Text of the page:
project aims to create ecological corridors by identifying key habitats and initiating protection measures along the Danube and its main tributaries. MEASURES has also released more than 9,000 baby sturgeon into the Danube. Sturgeon are further helped through the SWIPE (Successful Wildlife Crime Prosecution in Europe) project, that aims to discourage and ultimately reduce wildlife crime by improving compliance with EU environmental law and increasing the number of successfully prosecuted offences.
WWF appreciates the increasingly strong commitment made by Romania and Bulgaria in taking crucial steps for the survival of sturgeons in the Green Heart of Europe.
Sustainable fisheries: Commission takes stock of progress in the EU and launches consultation on fishing opportunities for 2022
The Commission has adopted the Communication 'Towards more sustainable fishing in the EU: state of play and orientations for 2022'. In line with the European Green Deal objectives, EU fisheries are moving towards more sustainable, supporting the transition towards a healthy and environmentally friendly EU food system and underpinning sustainable sources of revenue for EU fishers, the communication shows. The sector's socio-economic performance remains good, despite the coronavirus crisis, also due to the swift support of the Commission.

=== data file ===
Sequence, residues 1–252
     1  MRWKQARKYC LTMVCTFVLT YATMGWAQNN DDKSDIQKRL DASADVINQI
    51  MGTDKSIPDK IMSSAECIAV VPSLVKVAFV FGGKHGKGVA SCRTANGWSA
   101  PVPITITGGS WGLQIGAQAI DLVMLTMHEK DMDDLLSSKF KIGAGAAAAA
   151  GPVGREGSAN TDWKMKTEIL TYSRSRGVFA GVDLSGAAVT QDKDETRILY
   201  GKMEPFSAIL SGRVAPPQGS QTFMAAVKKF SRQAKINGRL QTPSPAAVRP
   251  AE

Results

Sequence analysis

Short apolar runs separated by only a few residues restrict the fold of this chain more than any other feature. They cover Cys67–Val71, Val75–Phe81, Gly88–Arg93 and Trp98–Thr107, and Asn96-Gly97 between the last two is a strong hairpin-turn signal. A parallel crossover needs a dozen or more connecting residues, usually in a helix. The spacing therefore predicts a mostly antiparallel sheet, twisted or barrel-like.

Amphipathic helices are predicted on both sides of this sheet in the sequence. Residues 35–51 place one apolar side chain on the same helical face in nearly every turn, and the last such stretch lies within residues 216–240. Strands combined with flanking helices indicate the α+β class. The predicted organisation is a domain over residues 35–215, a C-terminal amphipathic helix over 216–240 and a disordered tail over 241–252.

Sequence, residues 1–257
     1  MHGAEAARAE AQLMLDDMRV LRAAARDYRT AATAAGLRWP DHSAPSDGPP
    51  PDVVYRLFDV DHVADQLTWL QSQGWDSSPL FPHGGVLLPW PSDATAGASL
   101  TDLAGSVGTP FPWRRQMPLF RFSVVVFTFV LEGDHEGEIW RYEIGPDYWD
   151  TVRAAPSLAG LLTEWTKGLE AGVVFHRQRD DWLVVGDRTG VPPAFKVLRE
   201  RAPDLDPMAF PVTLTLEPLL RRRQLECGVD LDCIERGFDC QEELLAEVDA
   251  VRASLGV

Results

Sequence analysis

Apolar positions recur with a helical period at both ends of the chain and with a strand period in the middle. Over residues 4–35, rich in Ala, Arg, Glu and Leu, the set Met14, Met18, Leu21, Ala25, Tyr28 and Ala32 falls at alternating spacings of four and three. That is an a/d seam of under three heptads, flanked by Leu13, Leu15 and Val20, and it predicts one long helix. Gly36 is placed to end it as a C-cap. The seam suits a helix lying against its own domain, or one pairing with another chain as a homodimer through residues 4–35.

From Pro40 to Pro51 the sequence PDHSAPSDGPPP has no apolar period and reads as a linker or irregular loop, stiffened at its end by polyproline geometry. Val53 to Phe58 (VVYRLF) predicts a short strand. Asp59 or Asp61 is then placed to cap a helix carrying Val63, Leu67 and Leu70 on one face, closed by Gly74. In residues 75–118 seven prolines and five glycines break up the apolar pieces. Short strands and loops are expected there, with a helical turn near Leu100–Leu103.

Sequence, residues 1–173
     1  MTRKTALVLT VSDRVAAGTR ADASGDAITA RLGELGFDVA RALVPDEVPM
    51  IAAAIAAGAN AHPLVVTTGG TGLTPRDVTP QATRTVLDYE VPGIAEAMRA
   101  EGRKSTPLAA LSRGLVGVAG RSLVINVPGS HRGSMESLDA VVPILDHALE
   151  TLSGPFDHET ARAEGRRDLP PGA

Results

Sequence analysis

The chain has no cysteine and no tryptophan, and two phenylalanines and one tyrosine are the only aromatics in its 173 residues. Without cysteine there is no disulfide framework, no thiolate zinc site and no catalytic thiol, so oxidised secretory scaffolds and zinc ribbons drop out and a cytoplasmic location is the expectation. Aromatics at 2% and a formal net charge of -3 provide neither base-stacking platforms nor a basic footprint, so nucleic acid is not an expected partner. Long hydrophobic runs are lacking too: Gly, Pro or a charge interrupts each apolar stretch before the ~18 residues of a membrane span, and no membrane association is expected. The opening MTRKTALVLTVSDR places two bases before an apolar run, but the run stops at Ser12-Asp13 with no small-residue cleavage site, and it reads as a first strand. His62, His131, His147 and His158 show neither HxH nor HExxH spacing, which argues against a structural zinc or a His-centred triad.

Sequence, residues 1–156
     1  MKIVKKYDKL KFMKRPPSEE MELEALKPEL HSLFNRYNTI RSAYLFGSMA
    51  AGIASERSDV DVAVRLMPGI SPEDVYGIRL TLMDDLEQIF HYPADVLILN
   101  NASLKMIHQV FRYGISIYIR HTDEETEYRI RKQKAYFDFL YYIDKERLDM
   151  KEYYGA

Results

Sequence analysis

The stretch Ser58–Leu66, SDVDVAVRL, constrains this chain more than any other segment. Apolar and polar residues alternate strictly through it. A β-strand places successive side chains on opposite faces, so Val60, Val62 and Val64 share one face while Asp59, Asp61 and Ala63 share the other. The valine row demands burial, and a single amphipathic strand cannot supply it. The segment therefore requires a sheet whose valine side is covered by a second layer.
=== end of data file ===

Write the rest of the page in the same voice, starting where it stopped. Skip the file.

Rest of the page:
The Communication calls for further efforts to protect marine resources, both through maintaining high levels of ambition within the EU and by striving to achieve the same high standard in the work with non-EU countries. Member states, Advisory Councils, the fishing industry, non-governmental organisations and interested citizens are invited to take part until 31 August in a public consultation and express their views on the fishing opportunities for 2022.
Environment, Oceans and Fisheries Commissioner Virginijus Sinkevičius said: “EU fisheries remain on course towards a still more sustainable use of the sea. And while the pandemic hit our fishing communities hard, it was confirmed that environmental sustainability is the key to economic resilience. The situation in some sea basins requires our particular attention, but also across all our sea basins more must be done to deliver the blue in the Green Deal. I count on everybody to play their full part.”
The 2021 Communication shows that in the North East Atlantic especially, sustainability was almost reached for the stocks managed under the principle of maximum sustainable yield (MSY) - the maximum amount of fish that fishers can take out of the sea without compromising the regeneration and future productivity of the stock.
Healthy stocks further contributed to the sector's socio-economic performance, which thus stayed profitable despite the impacts of the COVID-19 pandemic. Fishing activities were hit hard by the sanitary crisis and landed value of fish is estimated to have decreased by 17% last year compared to 2019. The rapid support that the Commission provided to the sector, in particular through making €136 million of funds available under the European Maritime and Fisheries Fund, has helped in addressing the effects of the pandemic swiftly.